Social identities in experimental economics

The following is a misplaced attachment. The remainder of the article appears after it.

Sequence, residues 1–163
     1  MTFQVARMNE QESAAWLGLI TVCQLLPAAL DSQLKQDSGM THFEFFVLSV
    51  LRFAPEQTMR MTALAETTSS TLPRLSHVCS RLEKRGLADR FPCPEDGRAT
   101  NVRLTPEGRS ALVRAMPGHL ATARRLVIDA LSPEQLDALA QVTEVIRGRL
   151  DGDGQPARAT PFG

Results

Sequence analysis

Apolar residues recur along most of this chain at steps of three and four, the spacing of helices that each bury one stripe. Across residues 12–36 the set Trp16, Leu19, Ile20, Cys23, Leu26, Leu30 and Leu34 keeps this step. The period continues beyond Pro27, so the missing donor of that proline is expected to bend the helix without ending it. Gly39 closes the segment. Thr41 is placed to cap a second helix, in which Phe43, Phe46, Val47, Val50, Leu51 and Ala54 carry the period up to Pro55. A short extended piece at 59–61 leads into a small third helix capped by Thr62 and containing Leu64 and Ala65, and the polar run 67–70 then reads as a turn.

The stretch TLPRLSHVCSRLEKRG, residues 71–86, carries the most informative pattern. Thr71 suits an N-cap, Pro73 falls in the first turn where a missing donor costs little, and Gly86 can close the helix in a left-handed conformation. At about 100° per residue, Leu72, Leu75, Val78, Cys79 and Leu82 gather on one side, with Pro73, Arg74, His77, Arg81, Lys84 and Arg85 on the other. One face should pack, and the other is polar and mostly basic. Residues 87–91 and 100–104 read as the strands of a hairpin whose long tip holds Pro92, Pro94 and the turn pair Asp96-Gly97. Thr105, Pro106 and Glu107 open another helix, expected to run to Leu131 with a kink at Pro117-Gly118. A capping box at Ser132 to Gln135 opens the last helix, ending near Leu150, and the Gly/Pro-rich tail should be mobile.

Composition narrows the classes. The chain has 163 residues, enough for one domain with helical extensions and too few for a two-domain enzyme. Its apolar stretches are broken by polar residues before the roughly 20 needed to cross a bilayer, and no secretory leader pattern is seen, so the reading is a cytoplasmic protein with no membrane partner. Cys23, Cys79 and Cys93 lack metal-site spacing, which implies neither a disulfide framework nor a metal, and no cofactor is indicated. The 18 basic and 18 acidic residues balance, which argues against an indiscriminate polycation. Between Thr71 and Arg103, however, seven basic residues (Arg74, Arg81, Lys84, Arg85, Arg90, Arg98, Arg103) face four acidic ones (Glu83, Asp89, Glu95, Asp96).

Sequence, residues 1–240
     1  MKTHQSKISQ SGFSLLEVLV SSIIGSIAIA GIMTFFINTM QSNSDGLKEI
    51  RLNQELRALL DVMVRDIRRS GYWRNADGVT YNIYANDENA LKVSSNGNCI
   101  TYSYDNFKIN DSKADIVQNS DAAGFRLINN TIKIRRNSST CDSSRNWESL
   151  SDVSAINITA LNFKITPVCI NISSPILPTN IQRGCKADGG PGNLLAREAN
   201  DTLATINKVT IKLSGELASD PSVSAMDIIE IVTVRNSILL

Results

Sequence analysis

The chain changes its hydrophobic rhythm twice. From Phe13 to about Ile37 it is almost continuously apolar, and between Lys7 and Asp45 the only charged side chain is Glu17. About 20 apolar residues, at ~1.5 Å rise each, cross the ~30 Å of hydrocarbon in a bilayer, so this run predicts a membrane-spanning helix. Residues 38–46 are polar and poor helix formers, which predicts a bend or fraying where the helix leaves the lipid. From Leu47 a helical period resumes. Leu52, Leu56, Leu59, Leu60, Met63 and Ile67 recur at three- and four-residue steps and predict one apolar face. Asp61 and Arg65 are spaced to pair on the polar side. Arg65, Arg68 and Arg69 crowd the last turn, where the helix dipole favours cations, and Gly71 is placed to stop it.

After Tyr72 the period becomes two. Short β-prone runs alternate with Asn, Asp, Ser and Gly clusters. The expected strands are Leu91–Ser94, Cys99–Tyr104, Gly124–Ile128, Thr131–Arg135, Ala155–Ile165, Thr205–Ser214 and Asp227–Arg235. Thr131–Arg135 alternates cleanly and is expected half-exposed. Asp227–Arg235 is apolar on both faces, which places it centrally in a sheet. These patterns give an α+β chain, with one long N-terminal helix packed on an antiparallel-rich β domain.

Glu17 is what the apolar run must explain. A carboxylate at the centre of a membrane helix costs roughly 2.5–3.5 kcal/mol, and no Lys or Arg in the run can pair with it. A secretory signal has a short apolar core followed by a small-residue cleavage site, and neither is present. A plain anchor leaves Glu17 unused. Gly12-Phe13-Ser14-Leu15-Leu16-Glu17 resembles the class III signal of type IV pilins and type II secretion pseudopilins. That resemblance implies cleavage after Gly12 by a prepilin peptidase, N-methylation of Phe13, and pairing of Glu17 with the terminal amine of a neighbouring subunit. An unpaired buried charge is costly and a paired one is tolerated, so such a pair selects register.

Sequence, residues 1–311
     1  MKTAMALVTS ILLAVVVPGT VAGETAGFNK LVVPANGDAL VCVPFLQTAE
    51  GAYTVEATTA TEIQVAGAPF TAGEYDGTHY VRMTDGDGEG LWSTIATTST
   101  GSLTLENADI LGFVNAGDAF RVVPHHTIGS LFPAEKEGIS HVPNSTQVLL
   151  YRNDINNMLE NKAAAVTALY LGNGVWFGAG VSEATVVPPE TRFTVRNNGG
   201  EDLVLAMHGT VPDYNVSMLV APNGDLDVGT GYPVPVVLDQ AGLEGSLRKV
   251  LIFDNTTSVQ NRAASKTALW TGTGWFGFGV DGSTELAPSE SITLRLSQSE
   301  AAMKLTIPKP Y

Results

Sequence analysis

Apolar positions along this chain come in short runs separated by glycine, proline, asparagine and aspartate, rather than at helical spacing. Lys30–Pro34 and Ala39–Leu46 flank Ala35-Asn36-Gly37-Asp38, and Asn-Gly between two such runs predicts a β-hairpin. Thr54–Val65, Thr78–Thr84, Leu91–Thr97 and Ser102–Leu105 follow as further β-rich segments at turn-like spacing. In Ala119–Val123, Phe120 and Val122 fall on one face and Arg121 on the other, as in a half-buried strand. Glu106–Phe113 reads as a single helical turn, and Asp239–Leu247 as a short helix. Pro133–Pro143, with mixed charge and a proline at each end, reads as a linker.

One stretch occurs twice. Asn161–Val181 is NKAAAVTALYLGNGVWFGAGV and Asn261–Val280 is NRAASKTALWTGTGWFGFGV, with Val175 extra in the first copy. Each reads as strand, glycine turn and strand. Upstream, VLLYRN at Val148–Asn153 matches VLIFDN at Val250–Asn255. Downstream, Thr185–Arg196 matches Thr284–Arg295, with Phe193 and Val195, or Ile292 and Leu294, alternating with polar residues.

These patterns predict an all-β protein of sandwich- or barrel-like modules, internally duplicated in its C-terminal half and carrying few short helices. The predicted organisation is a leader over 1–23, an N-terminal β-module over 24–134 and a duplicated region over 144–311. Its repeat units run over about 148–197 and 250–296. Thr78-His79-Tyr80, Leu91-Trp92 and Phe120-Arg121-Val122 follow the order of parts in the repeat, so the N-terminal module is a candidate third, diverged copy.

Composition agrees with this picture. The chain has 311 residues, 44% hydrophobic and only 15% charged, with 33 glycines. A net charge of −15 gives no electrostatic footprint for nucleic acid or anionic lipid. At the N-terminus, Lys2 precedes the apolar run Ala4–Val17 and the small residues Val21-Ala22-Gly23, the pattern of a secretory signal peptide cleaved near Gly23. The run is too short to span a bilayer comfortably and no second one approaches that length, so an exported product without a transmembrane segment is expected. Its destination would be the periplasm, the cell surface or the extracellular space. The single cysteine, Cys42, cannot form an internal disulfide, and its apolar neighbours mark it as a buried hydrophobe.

In a graphic image used in the introductory chapter to the Foundations of Human Sociality, Ernst Fehr and Colin F. Camerer compare the role and scope of experimental games in the study of human sociality to that of a first sketch or outline in the process of an artist's conception of a painting. Just like a rough draft, experimental games are, as Camerer and Fehr put it, "reductions of social phenomena to something extremely simple" (Camerer and Fehr 2004: 85). By abstracting from contingent details and by reducing complex phenomena to some of their basic (and perhaps essential) features, experimental games allow for "comparability across subject pools" (ibid.: 84), a feature of which the volume from which the quote is taken is itself a most impressive example.Yet it has to be said that reduction is always dangerous, and the art of drawing offers an excellent example for the adventures of simplification: if too many details, redundancies and apparently contingent features are left out, people might misunderstand the sketch. In his Little Prince, Antoine de Saint-Exupéry has the narrator learning this the hard way when the little boy draws his "Drawing Number One' — a giant snake digesting an elephant — only to learn to his disappointment that the adults mistake the lumpy blob with two lines tapering off to both sides to be a rendering of a hat! The lesson is that for all their simplicity, rough outlines need more interpretative work from the side of the beholder than more detailed pictures. And the more reductive a rendering, the more easily it is misunderstood. The question is: could this also be true of game experimental "sketches'? How do we know what an experiment is about in terms of real-life social phenomena?
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